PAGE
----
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What is in this guide?
- What do you use lobbying for
- Important things to know about lobbying
- How to lobby
- Support base
- Aides, PA.s and secretaries
- Lobbying exercise
Lobbying means persuading individuals or groups with decision-making power to support a position you believe is right. When you do your organisational planning it is important to identify other stakeholders whose co-operation or influence you need. So you lobby people with power to act in support of the needs and interests of those who do not have direct power and influence. Lobbying can be used to influence anyone with power for example:
Parents can lobby the school governing body to provide after care at school
Shoppers can lobby the manager of the local supermarket to stay open for longer hours
Civics can lobby the council to write off arrears
Conservatives can lobby the President to bring back the death penalty
Lobbying is mostly used by organisations to persuade politicians or others with power and influence to support the organisation’s position. There are many ways of lobbying. You can:
- make submissions
- write to individuals
- go to meet decision-makers or invite them to meet people in your area
- get other powerful people to influence them informally, etc.
It is important to understand some basic principles of effective lobbying before we look at methods.
Some basic rules for lobbying:
- Be clear about your issue, your facts and your position
- Use lobbying only for important issues that will improve life in the community and make very sure that your position is the right one before you start lobbying
- Be careful not to speak "on behalf of people" unless you have consulted them and involved them in developing your lobbying strategy (See section on Planning for guidance on analysing the problem or issue)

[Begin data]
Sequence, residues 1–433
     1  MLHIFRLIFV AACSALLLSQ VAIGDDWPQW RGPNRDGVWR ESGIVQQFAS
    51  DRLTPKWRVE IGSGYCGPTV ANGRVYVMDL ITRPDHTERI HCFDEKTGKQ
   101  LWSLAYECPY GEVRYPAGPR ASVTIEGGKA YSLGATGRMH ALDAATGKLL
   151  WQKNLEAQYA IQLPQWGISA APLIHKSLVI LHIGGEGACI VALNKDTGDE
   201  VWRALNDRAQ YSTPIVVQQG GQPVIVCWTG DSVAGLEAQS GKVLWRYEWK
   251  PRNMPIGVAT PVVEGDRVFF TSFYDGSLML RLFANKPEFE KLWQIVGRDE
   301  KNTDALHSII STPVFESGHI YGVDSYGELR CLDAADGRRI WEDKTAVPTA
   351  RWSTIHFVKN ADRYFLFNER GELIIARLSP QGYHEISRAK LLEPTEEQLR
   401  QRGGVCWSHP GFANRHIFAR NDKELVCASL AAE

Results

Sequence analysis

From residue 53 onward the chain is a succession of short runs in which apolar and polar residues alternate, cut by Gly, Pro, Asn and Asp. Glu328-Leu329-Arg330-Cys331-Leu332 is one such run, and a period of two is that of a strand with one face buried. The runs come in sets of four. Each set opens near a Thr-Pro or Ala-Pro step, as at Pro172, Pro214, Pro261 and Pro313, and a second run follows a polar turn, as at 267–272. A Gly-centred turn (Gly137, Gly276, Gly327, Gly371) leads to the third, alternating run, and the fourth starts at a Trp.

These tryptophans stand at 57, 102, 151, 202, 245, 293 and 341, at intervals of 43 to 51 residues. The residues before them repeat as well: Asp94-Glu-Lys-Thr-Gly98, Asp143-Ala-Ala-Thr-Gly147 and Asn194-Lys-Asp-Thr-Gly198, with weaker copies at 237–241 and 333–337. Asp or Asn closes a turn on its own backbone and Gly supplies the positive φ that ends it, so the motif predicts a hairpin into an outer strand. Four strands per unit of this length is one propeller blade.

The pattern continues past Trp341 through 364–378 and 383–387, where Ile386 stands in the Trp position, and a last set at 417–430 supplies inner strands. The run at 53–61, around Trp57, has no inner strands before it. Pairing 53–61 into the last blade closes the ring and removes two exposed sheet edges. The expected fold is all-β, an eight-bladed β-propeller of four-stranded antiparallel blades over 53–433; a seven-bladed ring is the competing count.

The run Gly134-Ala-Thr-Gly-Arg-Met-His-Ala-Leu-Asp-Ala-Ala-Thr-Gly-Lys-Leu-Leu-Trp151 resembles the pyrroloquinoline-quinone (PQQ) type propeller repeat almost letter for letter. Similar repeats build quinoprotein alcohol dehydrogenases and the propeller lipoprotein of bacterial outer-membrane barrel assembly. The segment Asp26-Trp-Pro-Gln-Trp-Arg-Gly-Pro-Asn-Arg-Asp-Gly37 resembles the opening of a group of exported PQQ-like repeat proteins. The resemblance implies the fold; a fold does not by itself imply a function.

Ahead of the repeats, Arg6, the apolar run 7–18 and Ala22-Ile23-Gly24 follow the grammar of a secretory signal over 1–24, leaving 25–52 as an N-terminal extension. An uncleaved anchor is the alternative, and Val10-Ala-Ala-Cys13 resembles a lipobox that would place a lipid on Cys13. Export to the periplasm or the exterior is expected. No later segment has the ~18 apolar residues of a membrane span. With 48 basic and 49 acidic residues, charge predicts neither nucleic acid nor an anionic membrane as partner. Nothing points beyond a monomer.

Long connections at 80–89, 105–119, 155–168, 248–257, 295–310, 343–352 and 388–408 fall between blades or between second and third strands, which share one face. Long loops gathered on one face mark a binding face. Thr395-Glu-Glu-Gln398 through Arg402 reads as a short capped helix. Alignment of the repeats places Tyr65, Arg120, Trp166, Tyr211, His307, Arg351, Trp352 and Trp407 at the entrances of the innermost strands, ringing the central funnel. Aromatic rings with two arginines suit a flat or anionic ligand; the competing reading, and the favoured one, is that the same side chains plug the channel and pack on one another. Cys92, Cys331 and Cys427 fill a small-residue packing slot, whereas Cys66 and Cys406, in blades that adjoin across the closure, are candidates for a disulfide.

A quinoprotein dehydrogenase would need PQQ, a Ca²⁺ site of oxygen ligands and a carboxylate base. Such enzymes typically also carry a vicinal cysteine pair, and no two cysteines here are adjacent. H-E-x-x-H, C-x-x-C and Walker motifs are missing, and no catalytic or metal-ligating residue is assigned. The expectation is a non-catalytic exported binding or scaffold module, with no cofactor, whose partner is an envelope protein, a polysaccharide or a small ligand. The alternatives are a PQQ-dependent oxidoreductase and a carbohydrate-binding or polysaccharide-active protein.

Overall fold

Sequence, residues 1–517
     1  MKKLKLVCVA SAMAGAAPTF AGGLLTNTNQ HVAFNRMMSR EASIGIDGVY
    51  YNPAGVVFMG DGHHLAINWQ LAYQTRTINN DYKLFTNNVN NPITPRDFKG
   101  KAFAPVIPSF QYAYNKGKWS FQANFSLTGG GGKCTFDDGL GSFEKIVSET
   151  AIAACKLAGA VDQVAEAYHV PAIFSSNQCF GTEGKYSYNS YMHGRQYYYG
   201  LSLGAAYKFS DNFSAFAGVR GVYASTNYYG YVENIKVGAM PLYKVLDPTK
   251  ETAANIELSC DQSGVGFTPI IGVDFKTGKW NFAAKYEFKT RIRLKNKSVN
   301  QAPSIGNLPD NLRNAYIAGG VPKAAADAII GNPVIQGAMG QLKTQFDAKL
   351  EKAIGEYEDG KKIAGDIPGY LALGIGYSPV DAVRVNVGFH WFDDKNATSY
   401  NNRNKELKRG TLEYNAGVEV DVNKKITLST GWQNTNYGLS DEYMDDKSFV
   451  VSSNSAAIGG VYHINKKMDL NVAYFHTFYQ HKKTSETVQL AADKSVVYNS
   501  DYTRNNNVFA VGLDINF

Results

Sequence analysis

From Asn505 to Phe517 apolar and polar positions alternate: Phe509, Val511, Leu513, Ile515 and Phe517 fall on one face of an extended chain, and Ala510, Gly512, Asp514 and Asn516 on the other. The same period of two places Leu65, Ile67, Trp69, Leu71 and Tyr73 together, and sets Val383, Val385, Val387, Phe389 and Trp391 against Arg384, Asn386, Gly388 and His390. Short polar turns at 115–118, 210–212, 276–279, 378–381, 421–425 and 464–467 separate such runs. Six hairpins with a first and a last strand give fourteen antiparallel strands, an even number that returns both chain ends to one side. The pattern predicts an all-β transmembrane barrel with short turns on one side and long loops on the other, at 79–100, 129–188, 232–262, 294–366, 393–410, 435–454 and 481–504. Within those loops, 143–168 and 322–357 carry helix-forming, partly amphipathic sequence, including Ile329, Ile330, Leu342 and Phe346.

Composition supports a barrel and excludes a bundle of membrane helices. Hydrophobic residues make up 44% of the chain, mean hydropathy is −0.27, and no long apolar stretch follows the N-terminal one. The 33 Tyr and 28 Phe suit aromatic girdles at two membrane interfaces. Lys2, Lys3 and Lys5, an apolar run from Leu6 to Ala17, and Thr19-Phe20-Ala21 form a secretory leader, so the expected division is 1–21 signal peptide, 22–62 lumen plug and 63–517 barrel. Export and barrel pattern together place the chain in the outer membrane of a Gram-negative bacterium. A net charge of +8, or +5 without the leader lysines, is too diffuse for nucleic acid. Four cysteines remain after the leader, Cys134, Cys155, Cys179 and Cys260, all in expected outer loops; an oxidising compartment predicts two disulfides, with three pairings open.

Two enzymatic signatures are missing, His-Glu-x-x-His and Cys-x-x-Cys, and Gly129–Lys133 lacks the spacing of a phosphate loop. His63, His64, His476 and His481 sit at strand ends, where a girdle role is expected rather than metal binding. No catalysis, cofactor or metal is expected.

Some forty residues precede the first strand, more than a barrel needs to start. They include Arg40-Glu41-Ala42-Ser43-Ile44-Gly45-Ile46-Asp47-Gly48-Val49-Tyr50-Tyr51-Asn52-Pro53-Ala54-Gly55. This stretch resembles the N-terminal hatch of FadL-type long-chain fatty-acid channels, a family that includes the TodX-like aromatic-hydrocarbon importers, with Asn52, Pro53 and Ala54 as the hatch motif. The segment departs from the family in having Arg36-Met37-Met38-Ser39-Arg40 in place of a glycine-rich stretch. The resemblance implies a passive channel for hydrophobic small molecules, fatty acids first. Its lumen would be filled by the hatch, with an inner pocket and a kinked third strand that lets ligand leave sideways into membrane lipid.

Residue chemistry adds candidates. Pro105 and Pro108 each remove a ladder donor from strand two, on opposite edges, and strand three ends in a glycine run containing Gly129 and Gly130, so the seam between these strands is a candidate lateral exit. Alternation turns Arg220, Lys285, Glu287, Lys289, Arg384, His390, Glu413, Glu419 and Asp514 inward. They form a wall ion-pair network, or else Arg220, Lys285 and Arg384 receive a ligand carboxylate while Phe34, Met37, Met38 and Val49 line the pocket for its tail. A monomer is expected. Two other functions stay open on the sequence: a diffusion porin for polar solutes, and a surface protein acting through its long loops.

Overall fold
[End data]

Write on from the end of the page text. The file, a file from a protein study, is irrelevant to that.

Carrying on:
- Target the right people - analyse who has the power to make a decision on your issue and target your lobbying at these people
- Build a lobby group - analyse who [individuals and organisations] can influence the decision-makers and try to mobilise them to support your issue – never try to lobby alone. People with political power are often most sensitive to grassroots mobilisation that represents their voters.
- Prepare for opposition - analyse the opposition’s position and develop counter arguments to that since they may also be lobbying the same person
- Think about your target audience - how the decision-maker can benefit from agreeing with you and include this in your arguments – most decision-makers will agree more easily if they can see how your proposals link to their concerns
- Never use blackmail or bribery or even gifts and favours to persuade someone. That is corruption, not lobbying.
In this section we cover the most common lobbying methods. Read through the whole section and then choose the methods that best suit your organisations’ goals. The lobbying exercise at the end of this section will help you to plan which methods to use.
You should never, never lobby alone. Try to get organisations or individuals who support your cause to also use the methods discussed below. Whilst politicians are always sensitive to organisations, they also respond well to lots of appeals from individuals.
Letters are the easiest method to use to lobby but they are not always the most effective. Many people in positions of power have administrative staff who read their mail and summarise it for them. Make letters as personal as possible and avoid getting different organisations and individuals to all send exactly the same letter. See the format under submissions for the issues that should be covered in a letter.
Submissions are usually made to committees, or chairpersons of committees in government, and it is important to structure them in such a way that you get your points across powerfully. Here is a recipe you can follow. State clearly: